I wasn’t always an avid book lover. Fun fact about me: I almost flunked first grade. I entered school knowing very little English. As the first child of immigrant parents who barely spoke English themselves and growing up in a Korean ghetto that is now known as Koreatown in Los Angeles, there were precious few opportunities to learn English until I entered school. I didn’t understand what was going on, so I failed everything. When I brought home my mid-year report card, my mother was appalled. Based upon our neighbor’s recommendation, my mother began making me read books in order to learn more English.
At first I HATED reading. It was tremendously difficult. I laboriously had to sound out each word and there were so many words whose meanings I didn’t know. But as my vocabulary grew and I became more proficient at reading, I grew to love reading. Every weekend we went to the library and I checked out ten books because ten was the limit. I voraciously read all the books throughout the week. Some books I loved so much that I checked them out over and over again. The formerly crisp pages became worn and even torn from my overly-eager and clumsy fingers that grasp the pages in eager anticipation of promised delights of delectable words.
My mother was very supportive of anything that she thought was good for our education and development. So my sisters and I grew up on a diet of books and various experiences, such as trips to museums and travel. Being that we didn’t have a lot of money during my early childhood, most of our travels were road trips. One of these trips was to the Grand Canyon. When we were done sightseeing for the day, my parents were considering where we should spend the night. I noticed that we were right next to Bright Angel Lodge. I frantically pointed to it and demanded that we stay there because I had read Brighty of the Grand Canyon by Marguerite Henry. My mother wanted to know why.
I answered, “Because I read about it in a book.”
And with that, she said okay and we stayed there. I told you my mother was supportive. She wanted me to read books and if I read something in a book and wanted to do something because I had read about it, then she considered it her duty to support this desire. That Grand Canyon incident cemented my inclination to justify anything I do with “Because I read about it in a book.”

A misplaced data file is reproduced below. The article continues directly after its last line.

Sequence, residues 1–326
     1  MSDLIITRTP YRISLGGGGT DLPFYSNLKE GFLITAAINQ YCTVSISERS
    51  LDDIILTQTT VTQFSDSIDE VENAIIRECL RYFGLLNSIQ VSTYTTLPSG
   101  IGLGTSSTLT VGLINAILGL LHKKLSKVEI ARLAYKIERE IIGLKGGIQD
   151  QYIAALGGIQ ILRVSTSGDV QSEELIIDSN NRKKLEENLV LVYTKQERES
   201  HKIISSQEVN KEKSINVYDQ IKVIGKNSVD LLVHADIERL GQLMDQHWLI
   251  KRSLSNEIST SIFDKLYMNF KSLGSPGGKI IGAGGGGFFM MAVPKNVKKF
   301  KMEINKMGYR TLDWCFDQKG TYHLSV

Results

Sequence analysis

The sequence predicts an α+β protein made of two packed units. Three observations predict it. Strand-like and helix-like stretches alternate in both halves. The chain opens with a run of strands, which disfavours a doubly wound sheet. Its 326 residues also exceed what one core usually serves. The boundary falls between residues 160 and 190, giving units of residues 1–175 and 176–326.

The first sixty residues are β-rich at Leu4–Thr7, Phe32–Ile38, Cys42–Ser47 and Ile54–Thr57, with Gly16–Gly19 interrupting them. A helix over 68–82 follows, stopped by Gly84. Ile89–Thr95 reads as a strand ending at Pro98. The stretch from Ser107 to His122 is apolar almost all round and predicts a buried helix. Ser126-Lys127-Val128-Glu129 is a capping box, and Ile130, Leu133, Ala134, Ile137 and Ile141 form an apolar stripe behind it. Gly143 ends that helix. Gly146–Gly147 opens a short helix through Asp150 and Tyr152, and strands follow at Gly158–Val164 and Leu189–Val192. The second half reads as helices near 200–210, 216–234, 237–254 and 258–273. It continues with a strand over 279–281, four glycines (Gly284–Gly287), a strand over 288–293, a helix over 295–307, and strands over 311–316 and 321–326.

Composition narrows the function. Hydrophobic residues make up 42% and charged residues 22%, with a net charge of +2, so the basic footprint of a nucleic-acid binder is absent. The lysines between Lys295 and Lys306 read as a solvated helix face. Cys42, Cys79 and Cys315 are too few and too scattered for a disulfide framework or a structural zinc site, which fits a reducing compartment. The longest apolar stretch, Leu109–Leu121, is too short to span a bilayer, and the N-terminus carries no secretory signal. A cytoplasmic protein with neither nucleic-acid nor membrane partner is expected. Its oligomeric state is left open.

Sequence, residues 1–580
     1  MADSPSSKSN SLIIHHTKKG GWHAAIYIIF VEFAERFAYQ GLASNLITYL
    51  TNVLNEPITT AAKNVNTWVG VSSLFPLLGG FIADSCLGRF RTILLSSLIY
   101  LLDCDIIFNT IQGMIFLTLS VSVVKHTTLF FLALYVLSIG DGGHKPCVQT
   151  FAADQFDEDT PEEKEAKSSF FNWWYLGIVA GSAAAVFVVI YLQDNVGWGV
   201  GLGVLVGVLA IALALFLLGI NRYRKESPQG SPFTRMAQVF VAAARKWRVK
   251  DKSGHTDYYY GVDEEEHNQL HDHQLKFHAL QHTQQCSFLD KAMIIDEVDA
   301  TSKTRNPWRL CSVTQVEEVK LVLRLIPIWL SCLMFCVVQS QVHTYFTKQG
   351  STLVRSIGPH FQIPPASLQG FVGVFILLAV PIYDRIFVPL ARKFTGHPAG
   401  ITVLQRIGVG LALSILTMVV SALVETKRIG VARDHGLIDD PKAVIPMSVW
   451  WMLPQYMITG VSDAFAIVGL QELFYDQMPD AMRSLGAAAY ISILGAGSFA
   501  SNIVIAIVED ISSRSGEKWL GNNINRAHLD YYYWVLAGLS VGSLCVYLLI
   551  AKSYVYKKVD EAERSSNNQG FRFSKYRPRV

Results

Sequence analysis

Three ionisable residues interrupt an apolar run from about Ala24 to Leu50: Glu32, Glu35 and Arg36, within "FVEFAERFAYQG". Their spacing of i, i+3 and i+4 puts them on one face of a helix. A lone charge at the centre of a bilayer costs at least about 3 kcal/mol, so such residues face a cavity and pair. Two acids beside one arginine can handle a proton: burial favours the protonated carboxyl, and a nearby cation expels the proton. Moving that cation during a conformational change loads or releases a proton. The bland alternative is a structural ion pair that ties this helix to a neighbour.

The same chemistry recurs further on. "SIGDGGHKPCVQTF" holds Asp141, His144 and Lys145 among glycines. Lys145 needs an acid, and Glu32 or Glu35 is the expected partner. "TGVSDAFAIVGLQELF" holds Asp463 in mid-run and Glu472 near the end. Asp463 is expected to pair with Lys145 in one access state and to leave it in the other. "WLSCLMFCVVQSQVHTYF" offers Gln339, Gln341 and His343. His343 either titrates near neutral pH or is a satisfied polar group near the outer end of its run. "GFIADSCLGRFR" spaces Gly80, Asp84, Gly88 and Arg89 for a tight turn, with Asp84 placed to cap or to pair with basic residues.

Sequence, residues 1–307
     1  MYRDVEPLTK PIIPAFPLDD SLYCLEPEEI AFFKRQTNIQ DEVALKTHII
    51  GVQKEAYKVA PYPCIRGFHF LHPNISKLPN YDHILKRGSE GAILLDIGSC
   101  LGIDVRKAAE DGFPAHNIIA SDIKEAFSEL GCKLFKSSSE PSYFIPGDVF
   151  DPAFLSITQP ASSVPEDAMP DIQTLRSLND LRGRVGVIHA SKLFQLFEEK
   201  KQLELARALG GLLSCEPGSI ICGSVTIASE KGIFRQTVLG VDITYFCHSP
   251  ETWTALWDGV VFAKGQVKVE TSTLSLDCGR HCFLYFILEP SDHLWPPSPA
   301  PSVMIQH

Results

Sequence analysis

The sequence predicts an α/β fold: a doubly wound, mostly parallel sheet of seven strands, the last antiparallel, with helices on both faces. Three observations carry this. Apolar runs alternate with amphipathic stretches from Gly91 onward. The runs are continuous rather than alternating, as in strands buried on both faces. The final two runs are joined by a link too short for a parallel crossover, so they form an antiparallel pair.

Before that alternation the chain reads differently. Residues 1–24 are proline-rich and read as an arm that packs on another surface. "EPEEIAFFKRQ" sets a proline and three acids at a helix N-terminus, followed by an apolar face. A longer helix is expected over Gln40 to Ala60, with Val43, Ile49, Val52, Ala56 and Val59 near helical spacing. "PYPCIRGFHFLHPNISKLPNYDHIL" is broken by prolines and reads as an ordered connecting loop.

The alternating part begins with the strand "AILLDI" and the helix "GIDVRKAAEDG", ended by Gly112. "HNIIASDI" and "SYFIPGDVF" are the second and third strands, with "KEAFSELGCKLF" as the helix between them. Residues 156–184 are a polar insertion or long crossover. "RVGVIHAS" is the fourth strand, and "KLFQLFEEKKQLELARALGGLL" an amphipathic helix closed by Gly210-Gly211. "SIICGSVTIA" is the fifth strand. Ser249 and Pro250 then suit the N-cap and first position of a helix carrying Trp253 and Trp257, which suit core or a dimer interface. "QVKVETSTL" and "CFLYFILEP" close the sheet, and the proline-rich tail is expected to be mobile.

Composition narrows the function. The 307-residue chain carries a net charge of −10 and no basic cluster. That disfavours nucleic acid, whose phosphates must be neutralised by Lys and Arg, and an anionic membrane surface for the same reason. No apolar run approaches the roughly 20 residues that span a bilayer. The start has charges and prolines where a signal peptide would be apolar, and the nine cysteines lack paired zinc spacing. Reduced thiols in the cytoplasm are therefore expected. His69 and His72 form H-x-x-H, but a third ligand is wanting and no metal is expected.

I don’t think I’m alone in doing this. A friend told me about her honeymoon in Italy that she and her husband went on because of a memoir they had read. While they were on their honeymoon, they met many other travelers who went to the same small family restaurants and tiny villages because they, too, had read the same memoir.
After our last trip to Boulder, I read about Magnolia Road, made famous in Running with the Buffaloes, a book about the 1998 University of Colorado’s men’s cross country team. Magnolia Road is steep, hilly 12-mile stretch of road east of Boulder. The cross country team regularly ran on this road as a part of their training. Because of that book, Magnolia Road achieved a cult-like status among runners as a “classic run,” as in “you must run here if you’re anywhere near the area of Boulder.”
Nothing about Magnolia Road would have changed if the book hadn’t been written and instead people were simply informed via word of mouth that Magnolia Road was there Colorado’s cross country team trained, but it wouldn’t have the same impact. There’s something about a book that reifies ideas and concepts. By reading about it, people want to “possess” it. Since you want actually physically possess ideas, you’re overwhelmed by the desire to experience it for yourself because you can possess the memory of that experience.
So, yeah, I read about Magnolia Road and I wanted to run it. I didn’t run the whole thing. For one thing, when I say it’s hilly, that’s an understatement. It’s more mountainous than hilly. Some sections are so steep that it’s physically impossible to run. Another is that this is all at altitude. I am, as the Coloradans call me, a Flatlander. Being from sea level, physical exertion at altitude is tough. I tried running Magnolia on my first day at Boulder and I got winded after five steps. Also I found that I really didn’t care for running on Magnolia Road because despite the sparse traffic, when a car did pass you, breathing in their exhaust sucked. Still, the views from Magnolia Road are magnificent and I like being able to say that I ran there because I read about it.